The female form has been perhaps the most ubiquitously discussed concept of human anatomy. At the very least, it has provided the muse for many an artist and photographer, not to mention Scott Nichols Gallery’s latest exhibition.
The exhibition’s nearly 60 photographs of women ranging from circa 1870s to the present explore the myriad ways in which female, and male, photographers view women and how women choose to be seen. It includes the work of Ansel Adams, Kiichi Asano, Ruth Bernhard, Anne Brigman, Wynn Bullock, Imogen Cunningham, Judy Dater, Margo Davis, Monica Denevan, Mona Kuhn, Dorothea Lange, An-My Lê, Lynn Hershman Leeson, Linda McCartney, Annette Lemieux, Barbara Morgan, Hiroshi Osaka, Paul Strand, Brett Weston and Edward Weston, among others.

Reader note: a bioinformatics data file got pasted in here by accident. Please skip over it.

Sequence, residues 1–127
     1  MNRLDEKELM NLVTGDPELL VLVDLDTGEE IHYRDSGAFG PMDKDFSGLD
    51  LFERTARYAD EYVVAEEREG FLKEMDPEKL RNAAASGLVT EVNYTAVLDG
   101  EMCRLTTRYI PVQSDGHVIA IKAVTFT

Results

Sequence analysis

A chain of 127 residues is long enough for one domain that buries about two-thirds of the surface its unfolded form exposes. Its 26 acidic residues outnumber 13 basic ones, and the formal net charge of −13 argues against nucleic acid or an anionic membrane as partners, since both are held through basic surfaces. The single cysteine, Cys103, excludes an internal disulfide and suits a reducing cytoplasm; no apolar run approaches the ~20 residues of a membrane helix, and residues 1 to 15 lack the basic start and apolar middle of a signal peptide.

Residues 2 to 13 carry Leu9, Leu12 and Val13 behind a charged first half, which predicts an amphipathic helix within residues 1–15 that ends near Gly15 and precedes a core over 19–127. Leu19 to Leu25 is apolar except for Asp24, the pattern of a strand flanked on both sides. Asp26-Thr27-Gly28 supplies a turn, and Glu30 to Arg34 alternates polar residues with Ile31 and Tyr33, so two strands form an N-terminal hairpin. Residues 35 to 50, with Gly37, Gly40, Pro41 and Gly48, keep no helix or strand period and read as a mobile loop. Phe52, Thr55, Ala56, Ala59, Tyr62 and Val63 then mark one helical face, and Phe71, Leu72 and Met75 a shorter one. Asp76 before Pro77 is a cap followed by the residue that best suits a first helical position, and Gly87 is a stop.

A complementary show in the smaller gallery features Dorothea Lange and the work of several of her contemporaries including Ansel Adams, represented by his documentation of women belonging to the group of 110,000 people of Japanese ancestry interned in camps during World War II.
The subject of women for a photo exhibition can be rife with stereotypes and predictable patterns. Here the tropes of women in the nude and in nature, as well as fashion photography are juxtaposed with humorous images such as Roger Minnick’s tourist at Inspiration Point, Yosemite, and Annette Lemieux’s spooky, sobering Apparition. Edward Weston’s Erica, Point Lobos is a less familiar representation of his work: his granddaughter on a beach the year before he stopped photographing. The women photographers of Group f/64 represented may be seen to replace the appropriation of certain of these tropes with ownership of an alternative way of “seeing and being seen.”